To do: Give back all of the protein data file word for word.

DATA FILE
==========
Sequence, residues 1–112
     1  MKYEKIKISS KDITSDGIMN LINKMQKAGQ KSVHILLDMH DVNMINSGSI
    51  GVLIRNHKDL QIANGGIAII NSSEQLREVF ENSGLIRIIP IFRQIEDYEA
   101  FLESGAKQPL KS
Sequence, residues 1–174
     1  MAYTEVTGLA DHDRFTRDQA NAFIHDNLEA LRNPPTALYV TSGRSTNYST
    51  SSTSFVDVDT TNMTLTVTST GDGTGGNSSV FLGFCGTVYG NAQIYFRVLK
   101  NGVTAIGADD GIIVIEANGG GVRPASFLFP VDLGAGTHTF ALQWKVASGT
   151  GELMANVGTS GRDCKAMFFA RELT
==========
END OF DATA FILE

Sequence, residues 1–112
     1  MKYEKIKISS KDITSDGIMN LINKMQKAGQ KSVHILLDMH DVNMINSGSI
    51  GVLIRNHKDL QIANGGIAII NSSEQLREVF ENSGLIRIIP IFRQIEDYEA
   101  FLESGAKQPL KS
Sequence, residues 1–174
     1  MAYTEVTGLA DHDRFTRDQA NAFIHDNLEA LRNPPTALYV TSGRSTNYST
    51  SSTSFVDVDT TNMTLTVTST GDGTGGNSSV FLGFCGTVYG NAQIYFRVLK
   101  NGVTAIGADD GIIVIEANGG GVRPASFLFP VDLGAGTHTF ALQWKVASGT
   151  GELMANVGTS GRDCKAMFFA RELT